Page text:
Owner, Marketing Strategist, and
Gartner & Associates LLC
Dear Optimistic in Omaha:
Merrill Shugoll Responds
Qualitative researchers encourage people to articulate their thoughts and feelings about products, services, and critical issues. Learning how people think and feel helps us better understand consumer behavior so we may affect and modify behaviors to achieve the desired resolutions to our most vexing problems. Qualitative consultants can use their unique professional skills by volunteering our services to explore and understand community, local, national, and international issues. If we have not already done so, each of us should select an issue near and dear to our hearts and apply our skills to glean insights to help us and others generate ideas for ways to address complex issues.
Qualitative researchers could pair our moderating/facilitation/research skills with mediation skills by obtaining additional training or partnering with a trained mediator. The skills of a mediator are similar, except that a mediator strives to help the parties arrive at a conclusion. The purpose would be to take the information gleaned from the moderated sessions and sort through differences between parties involved in any difference of opinion or dispute to find common ground to ascertain a solution. The mediator assists and guides the parties toward their own resolution. The mediator does not decide the outcome but helps the parties understand and focus on the critical issues needed to reach a resolution.
As qualitative consultants, we are:
- Naturally curious, wanting to learn or know more about something or someone. We want to know why people think the way they do.
- Active listeners who want to understand the lives and needs of others.
We work to understand rather than simply hear what another person is saying by being fully present, not just listening to respond. It is also important not to hold any preconceived expectations or outcomes. Good listeners do not jump in to give advice and do not interrupt. We ask follow-up questions and listen more than we speak. We show that we are listening by using active body language.
- Adept at creating safe environments, which includes making sure people know there is no such thing as a wrong answer. This encourages strangers from diverse backgrounds to interact and learn from each other. We appreciate when diverse opinions emerge, and we should prohibit criticism of others for these views, and explain that if consensus is not achieved, that is perfectly okay.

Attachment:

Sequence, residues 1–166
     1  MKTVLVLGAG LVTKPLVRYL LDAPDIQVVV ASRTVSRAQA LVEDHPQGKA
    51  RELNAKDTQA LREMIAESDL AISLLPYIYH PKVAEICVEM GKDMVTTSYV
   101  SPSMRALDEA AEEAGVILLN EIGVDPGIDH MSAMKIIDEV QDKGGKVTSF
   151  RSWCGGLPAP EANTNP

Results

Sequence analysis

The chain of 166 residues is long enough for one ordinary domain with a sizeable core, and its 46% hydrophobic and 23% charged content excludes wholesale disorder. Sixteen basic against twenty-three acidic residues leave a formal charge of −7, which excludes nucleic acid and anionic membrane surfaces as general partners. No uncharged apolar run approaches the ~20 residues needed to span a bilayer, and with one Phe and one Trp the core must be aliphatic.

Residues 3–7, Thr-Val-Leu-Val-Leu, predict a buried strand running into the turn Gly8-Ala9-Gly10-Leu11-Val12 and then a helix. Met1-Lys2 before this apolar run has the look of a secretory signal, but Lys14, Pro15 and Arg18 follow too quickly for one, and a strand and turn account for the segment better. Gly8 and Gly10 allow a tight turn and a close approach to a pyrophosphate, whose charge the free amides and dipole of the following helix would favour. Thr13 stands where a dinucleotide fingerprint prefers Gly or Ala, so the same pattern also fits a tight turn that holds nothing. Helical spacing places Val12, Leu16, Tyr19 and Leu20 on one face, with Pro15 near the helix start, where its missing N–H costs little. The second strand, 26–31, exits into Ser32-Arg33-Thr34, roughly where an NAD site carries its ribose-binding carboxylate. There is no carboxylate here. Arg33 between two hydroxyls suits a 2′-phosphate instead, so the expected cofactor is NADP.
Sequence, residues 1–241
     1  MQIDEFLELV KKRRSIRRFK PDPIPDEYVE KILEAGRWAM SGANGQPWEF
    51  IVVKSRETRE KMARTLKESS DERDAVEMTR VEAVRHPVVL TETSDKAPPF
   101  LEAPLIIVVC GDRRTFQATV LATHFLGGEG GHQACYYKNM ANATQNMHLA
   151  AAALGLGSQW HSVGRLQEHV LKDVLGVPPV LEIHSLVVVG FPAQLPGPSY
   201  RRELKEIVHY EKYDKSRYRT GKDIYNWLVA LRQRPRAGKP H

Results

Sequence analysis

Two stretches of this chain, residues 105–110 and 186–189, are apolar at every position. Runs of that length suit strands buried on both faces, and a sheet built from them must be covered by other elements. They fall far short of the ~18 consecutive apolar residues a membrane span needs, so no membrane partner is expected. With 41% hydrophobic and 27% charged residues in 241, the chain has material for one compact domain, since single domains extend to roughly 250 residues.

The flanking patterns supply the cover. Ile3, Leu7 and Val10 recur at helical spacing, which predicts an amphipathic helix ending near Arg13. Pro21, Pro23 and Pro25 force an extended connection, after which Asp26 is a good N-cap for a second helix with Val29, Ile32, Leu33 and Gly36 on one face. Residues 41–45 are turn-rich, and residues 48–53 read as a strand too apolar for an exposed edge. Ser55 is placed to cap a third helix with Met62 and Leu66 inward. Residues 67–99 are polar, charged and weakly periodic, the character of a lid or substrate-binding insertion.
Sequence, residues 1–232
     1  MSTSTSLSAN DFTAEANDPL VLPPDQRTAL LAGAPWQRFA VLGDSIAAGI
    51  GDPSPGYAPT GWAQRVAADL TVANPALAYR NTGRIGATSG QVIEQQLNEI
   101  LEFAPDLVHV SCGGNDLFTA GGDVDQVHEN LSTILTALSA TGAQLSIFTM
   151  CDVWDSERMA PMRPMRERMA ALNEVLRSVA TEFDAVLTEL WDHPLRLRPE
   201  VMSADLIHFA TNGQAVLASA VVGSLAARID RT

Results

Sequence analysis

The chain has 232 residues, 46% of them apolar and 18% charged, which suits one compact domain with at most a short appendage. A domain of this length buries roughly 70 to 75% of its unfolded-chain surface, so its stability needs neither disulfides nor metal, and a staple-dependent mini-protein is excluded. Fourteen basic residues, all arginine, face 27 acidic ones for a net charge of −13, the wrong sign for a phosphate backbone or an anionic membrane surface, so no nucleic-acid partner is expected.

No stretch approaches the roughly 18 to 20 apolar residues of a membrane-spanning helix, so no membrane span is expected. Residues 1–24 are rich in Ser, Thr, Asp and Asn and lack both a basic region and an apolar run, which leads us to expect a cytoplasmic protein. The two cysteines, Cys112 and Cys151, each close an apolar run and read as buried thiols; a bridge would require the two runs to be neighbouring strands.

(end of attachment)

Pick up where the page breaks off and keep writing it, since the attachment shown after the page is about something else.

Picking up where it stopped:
- Impartial, open, and unbiased. Our personal beliefs are not important in our work and should not be used to influence the outcome.
- Flexible and comfortable going with the flow. Our discussion guides are structured to cover the critical issues and not permit participants to stray too far afield, but are flexible enough to give participants the space they need to express themselves.
- Excited to explore complex, controversial, or uncomfortable subjects, issues, and topics, and analyze the results that may or may not achieve a single or amenable solution.
- Willing to draw conclusions based on the findings articulated in the discussions about the issue.
In general, qualitative researchers are not negotiators or peacemakers. Therefore, pairing our skills with the skills of trained mediators might be the optimal solution for positively impacting our fractured society for the better.
President, Shugoll Research
Dear Optimistic in Omaha:
Dona Vitale Responds
One of the easiest things we, as individuals, can do is adopt the old bumper-sticker slogan, “Think Globally, Act Locally.”
I love to discuss politics and issues in the news, and I’m always curious to learn how others are reacting to this week’s controversy. I’m lucky to have a lot of people close to me who enjoy engaging in political and social issues. Some share my point of view on most things, but I’m even more interested in learning what casual acquaintances and strangers have to say about topical concerns when they disagree with me.